(atypical MC type II) (Fig. 1A) [9]. A few spindle-shaped MC were also detected (atypical MC type I). In addition, numerous meta-chromatically granulated blast cells were seen (Fig. 1A). As expected, the blood smear also contained an excess of MC (40% of all nucleated cells) as well as numerous metachromatic blasts. No cytological or histological signs for an accompanying hematopoietic non-MC-disease (AHNMD) was found. The diagnosis MCL based on WHO criteria [10-12] was established.

3.2. Cytogenetic and molecular results

Conventional karyotyping and FISH revealed a translocation involving chromosomes 7 and 10. The reported karyotype was: 46XX,del(7)(q22),der(10) t(7;10)(q22;q26). Molecular analyses revealed a rare KIT point mutation, namely KIT D816H in BM and blood cells. We also screened for additional mutations in several leukemia-related genes by PCR. However, no additional lesions were detected.

Table 3

Cell surface phenotype of neoplastic mast cells assessed by flow cytometry.

CD Antigen Expression of cell surface

antigens on KIT+MC at

Diagnosis Relapse

CD2 LFA-2 + _

CD13 Aminopeptidase N + + + +

CD15 Lewis X antigen - -

CD25 IL-2RA + +/-

CD26 DPPVI - -

CD30 Ki-1 antigen - -

CD34 HPCA-1 - -

CD43 Leukosialin + + + +

CD51 VNRA - -

CD52 Campath-1 + -

CD56 NCAM - -

CD61 VNRB - -

CD90 Thy-1 - -

CD117 KIT + +

CD123 IL-3RA + +/-

CD133 AC133 - -

CD183 CXCR4 - -

Expression of cell surface antigens on bone marrow mast cells (MC) was analyzed by multicolor flow cytometry using fluorochrome-conjugated antibodies.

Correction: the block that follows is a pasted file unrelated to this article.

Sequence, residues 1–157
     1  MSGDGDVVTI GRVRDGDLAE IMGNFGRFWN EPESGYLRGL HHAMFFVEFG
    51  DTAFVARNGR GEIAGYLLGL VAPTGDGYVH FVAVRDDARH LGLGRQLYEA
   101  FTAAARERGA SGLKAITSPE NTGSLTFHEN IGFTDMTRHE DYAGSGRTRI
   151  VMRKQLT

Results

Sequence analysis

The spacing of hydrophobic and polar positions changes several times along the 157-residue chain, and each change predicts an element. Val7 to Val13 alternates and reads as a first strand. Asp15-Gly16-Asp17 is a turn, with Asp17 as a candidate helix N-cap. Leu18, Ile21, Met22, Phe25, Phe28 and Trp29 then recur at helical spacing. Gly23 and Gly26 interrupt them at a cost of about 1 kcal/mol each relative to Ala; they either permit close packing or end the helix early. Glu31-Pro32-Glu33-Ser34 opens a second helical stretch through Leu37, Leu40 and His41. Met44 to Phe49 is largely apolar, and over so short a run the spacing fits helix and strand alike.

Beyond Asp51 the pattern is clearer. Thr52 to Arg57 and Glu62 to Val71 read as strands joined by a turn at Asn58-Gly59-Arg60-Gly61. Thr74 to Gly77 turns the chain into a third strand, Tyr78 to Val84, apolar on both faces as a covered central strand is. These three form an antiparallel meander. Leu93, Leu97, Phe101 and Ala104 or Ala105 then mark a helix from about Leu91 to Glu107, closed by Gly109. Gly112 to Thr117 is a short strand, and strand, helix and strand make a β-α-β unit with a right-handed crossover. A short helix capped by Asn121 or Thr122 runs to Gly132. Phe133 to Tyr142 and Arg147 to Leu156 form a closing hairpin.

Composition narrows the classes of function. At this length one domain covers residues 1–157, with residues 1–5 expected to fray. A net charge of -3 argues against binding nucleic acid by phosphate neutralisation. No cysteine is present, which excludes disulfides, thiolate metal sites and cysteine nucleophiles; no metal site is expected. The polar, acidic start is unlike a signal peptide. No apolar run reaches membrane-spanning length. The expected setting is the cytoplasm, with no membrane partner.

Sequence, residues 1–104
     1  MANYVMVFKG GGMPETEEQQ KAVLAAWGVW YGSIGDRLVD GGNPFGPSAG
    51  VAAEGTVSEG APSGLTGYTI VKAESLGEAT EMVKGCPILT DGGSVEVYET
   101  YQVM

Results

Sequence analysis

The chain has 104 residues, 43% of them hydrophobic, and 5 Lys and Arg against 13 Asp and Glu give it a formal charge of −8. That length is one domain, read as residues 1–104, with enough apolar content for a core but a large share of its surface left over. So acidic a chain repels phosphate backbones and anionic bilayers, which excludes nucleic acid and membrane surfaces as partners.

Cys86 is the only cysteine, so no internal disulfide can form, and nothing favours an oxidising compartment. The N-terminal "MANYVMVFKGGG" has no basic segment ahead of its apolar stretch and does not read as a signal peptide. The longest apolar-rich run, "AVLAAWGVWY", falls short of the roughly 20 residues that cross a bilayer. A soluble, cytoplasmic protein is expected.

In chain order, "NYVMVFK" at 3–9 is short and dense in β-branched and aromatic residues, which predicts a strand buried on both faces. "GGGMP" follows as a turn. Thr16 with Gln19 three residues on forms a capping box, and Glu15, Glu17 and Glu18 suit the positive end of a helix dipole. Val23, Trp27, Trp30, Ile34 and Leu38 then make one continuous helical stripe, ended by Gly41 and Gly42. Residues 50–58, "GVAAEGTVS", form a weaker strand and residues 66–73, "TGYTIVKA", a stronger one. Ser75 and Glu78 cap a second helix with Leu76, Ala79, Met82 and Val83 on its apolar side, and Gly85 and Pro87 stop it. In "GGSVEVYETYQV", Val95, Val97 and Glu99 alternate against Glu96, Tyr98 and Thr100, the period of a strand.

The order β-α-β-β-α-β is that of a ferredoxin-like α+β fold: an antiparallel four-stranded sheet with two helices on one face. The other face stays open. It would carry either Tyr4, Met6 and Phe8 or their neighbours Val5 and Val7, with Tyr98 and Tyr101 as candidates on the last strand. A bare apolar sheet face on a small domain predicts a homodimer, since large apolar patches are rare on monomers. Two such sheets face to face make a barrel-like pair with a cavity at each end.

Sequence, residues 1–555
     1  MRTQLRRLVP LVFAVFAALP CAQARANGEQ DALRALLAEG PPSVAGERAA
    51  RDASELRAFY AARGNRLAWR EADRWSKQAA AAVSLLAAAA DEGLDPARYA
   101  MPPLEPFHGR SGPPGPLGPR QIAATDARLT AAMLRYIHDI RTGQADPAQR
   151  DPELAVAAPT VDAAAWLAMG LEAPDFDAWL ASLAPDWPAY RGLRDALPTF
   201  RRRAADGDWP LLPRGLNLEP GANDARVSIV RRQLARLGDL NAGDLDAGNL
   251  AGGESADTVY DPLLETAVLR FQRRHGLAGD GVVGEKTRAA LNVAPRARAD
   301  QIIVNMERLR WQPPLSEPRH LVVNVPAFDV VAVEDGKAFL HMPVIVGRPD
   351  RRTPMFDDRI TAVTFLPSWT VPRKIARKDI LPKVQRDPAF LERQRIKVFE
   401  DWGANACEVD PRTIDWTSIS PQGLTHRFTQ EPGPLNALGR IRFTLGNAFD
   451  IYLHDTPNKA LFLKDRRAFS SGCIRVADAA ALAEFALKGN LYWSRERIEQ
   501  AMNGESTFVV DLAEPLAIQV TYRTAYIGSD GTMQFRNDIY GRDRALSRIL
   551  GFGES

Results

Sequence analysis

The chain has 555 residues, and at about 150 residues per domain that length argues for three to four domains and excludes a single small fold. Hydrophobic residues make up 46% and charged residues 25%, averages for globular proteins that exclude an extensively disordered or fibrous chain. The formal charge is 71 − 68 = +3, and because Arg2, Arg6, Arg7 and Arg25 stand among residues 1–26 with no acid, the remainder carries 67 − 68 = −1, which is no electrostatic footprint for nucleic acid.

3.3. Phenotype of neoplastic MC

As assessed by immunohistochemistry, neoplastic cells were found to stain positive for tryptase and KIT (Fig. 1B). Some of the neoplastic MC were also found to react with an antibody against CD25, although the staining reaction was weak (Fig. 1B). Neoplas-tic MC did not stain positive for CD2, CD30 (Ki-1 antigen), CD34 or chymase (Table 2). These cells also stained negative for chlorace-tate esterase (CAE) and myeloperoxidase (MPO). However, a substantial number of MC (about 20%) were found to react with an antibody against Ki-67. As assessed by multicolor flow cyto-metry, MC were found to express CD45 and KIT, and low amounts of CD25, CD30 and CD52. By contrast, MC did not stain positive for CD2 (Table 3).

3.4. Clinical course and response to chemotherapy

Because of rapid progression, we decided to start treatment with FLAG. After the first cycle, leukocytes (WBC), circulating MC,

Fig. 2. Leukocyte counts, and tryptase levels before and during therapy. Before and during therapy, the white blood cell count (WBC) (A), serum tryptase levels (B) and alkaline phosphatase levels (C) were determined. Serum tryptase was measured by a commercial immunoassay (normal range: 0-15 ng/mL). Chemotherapy treatment (FLAG—arrows) and the time of relapse (time of BM investigation revealing relapse) are also indicated.

and serum tryptase levels decreased substantially (Fig. 2). After 3 cycles of FLAG, the serum tryptase level even decreased to normal range ( < 20 ng/mL) and neoplastic MC in the peripheral blood disappeared. In the BM, neoplastic cells also decreased in number, but residual MC were still detectable (Fig. 3). Overall, the response was judged as an incomplete (almost complete) hematologic remission. At that time, the blood count was normal without substantial cytopenia, and all disease-related symptoms had disappeared. Therefore, allogeneic hematopoi-etic SCT was planned. However, unfortunately, the patient relapsed with drug-resistant MCL shortly after the third cycle of FLAG and died from cerebral bleeding after a survival time of 5 months.